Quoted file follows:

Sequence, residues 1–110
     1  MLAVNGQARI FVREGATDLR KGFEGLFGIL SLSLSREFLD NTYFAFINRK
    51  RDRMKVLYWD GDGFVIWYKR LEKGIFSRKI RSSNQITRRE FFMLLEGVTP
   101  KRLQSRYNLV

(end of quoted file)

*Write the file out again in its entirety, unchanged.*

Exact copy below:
Sequence, residues 1–110
     1  MLAVNGQARI FVREGATDLR KGFEGLFGIL SLSLSREFLD NTYFAFINRK
    51  RDRMKVLYWD GDGFVIWYKR LEKGIFSRKI RSSNQITRRE FFMLLEGVTP
   101  KRLQSRYNLV